Friday, June 2, 2017

Granny's Pantry # 40: Life at High Rock in 1928

The story goes that Granny and Granddaddy Cole left Davidson County some time after they were married in 1917 to make their own living on a farm in Bladen County, NC. Back home at the Cole home place in High Rock were Granddaddy Cole's parents, Grandsir Jim and his wife, Martha Jane. While Granddaddy had at least 5 siblings, it was he who was expected to come back home and take care of his aging parents and the High Rock farm. And so, the story goes, they loaded their livestock on a train and home they came.  
Granny's mother-in-law was not well, and died in 1926. Her father-in-law lived on at High Rock until 1934. One of Granddaddy's siblings, Mary Dell (or Aunt Mayme, as we knew her), had made her way to Columbus, Georgia, where she taught business courses in high school for years. She came home to the farm during the summers, but not always at other holidays.

Recently, two letters written in early 1928 were found  in some family papers, one written by Granny Cole to her sister-in-law, Mayme, in Georgia, and one by Ruth, Granny's oldest daughter and Aunt Mayme's niece.

1928 came on the heels of Lindbergh's transatlantic solo non-stop flight from the U.S. to Europe. Joseph Stalin had just taken control of Russia, and Ford replaced the Model T with the Model A. Calvin Coolidge was President, and a wood fired kitchen range, similar to the one Granny cooked on for another 25 years, could be bought for $69.85.
Rural North Carolina was a place where electricity was not universal and telephones in the home were a luxury. Farming was the occupation of necessity there, and the farms were already on the road to the Great Depression. 
High Rock, N.C.
Jan., 1928
Dear Mayme,
     I want to thank you for the many nice things you sent to us Christmas. I know I have been terribly slow about writing, but we are all very thankful to you just the same. You should see Miss Prissy Pris with her pretty gloves on. [Likely she was talking about her youngest daughter, Virginia, age 4.] The birthday party was quite a success I think. Ruth and Grandsir enjoyed it and the decoration was so pretty. One of the pretty green candle holders was broken so bad I could not use it. Otherwise the box was in good shape.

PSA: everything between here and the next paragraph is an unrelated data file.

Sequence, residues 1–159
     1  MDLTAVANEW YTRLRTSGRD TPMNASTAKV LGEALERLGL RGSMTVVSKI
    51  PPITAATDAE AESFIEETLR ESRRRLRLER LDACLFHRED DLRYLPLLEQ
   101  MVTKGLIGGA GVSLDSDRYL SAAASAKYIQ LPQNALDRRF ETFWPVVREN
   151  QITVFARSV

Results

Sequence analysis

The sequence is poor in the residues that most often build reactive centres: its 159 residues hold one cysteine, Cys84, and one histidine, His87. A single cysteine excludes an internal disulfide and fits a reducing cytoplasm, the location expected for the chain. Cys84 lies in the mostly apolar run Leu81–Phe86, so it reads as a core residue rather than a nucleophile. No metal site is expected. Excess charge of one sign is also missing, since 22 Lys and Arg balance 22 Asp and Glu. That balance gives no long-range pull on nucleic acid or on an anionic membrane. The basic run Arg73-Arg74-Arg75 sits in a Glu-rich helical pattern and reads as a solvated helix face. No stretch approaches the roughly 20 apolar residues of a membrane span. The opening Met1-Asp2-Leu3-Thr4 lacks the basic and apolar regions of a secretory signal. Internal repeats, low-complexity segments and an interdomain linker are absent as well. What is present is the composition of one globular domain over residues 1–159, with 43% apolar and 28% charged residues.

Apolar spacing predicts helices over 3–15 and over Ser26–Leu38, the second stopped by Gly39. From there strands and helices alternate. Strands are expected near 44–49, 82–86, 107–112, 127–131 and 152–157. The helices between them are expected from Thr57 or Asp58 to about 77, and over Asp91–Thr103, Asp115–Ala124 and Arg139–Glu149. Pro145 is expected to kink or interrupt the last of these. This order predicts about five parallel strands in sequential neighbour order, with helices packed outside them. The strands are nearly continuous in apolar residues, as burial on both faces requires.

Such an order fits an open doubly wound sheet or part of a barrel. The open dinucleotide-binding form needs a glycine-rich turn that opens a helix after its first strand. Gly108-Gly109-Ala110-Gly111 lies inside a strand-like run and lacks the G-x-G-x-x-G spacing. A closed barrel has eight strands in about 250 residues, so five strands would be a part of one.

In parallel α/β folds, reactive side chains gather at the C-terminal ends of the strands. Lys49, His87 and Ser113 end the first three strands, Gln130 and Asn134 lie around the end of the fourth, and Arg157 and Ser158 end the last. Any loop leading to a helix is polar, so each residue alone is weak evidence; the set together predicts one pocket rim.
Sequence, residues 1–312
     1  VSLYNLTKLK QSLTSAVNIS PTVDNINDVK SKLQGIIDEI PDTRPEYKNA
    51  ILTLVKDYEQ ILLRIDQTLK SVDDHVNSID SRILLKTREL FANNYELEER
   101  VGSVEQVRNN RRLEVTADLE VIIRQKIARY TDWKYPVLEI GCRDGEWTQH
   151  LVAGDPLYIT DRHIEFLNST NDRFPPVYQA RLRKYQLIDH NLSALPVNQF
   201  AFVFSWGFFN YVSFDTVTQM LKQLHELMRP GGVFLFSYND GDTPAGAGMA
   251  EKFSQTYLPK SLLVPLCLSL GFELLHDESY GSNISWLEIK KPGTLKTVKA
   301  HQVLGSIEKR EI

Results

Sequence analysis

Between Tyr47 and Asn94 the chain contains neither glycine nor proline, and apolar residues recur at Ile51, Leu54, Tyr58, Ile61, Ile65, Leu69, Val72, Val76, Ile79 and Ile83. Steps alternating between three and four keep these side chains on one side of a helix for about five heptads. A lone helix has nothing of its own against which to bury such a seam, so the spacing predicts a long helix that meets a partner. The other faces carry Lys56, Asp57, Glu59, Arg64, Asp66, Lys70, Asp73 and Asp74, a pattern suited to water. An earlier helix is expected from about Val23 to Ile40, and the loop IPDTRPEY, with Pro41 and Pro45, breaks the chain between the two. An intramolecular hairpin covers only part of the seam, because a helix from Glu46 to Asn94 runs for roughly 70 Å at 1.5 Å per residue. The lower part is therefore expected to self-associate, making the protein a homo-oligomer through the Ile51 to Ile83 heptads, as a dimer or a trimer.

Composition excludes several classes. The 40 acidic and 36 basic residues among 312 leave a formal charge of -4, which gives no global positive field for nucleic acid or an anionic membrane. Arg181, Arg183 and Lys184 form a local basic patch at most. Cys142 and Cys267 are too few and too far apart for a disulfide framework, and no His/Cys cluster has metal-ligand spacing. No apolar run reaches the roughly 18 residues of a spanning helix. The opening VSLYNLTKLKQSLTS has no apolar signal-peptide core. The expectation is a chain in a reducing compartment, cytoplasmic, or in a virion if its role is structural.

Mayme did you have a joyful Christmas? We did not have any company so everything was very quiet. I gave Ruth her little party Christmas eve and the candles were beautiful.
     Well I have lots of things stored back in my memory to tell you but they seem slow about coming to me just now. I heard that Miss Eliza Reid is married but don't know if it is true. And Mr. Jim Smith was married to a young lady that nursed Mrs. S. They were married in September. Now you see you let another good chance go by. ha. [Aunt Mayme never married.]
     Your father is well, we have all been well this winter except slight colds. We had some of the coldest weather I ever experienced last week. It was so cold for 6 days and nights that my milk would freeze up solid in the kitchen and eggs left on the table would freeze and burst. We still sell some milk, deliver about 3 times a week.
     Most all the people have left and they are tearing down and burning up the camp as fast as possible. [The High Rock farm is located just downriver from the High Rock Dam across the Yadkin River. This dam was built in 1927. The camp, to which Granny refers, was most likely the camp inhabited by many of the laborers working on the dam. By the middle of April, 1928, High Rock Lake reservoir had been filled.]    
     We butchered again last Tuesday. Albert's hogs did very sorry this year but we have a good supply of meat at that. I canned 10 quarts of sausage and we have 3 pigs to kill yet. So prepare thyself to cook again with me next summer.
     Grandsir said tell you the books were jut fine he has finished Jane Eyre and is reading the Bible Stories now. Said he thanked you ever so much for them.
     Mr. George left the first of December.  He went to Mt. Holly, N.C. [Mr. George was likely a laborer on the dam who boarded with Granny and Granddaddy at High Rock.]
     The children are doing very well in school. They love to go but we sure do hafto hustle in the mornings. The truck comes so early. Ruth has some kind of work to do at nights. She had 44 sentences to write for Monday.
     Brooks is still in the first grade but he said tell you he has finished Baby Ray and is reading in a new reader now.
     Excuse this fancy writing paper. Mr. George gave it to me and you know I just must use it. Write to us soon and please don't wait for me to answer.
     Love from all,

And then there was Ruth's thank you letter also, post marked Jan. 25. [She was about 9 at the time. Brooks, her brother, would have been a little younger.]

High Rock, NC
Dear Aunt Mayme.
     Guess you thought I was never going to write you. We are just fine Grandsir has gotten well and at work again. President Davis is dead. He fell dead at High Rock yesterday. Was quite sudden as he had not been ill. [We have no idea who President Davis is...probably a pet.]
     I want to thank you for all the nice things you sent us Christmast it was so nice of you I am trying to learn fast and Brooks really is learning fast he will be writing you a letter soon.

Every good gift and every perfect gift is from above, coming down from the Father of lights, with whom there is no variation or shadow due to change.  (James 1:17)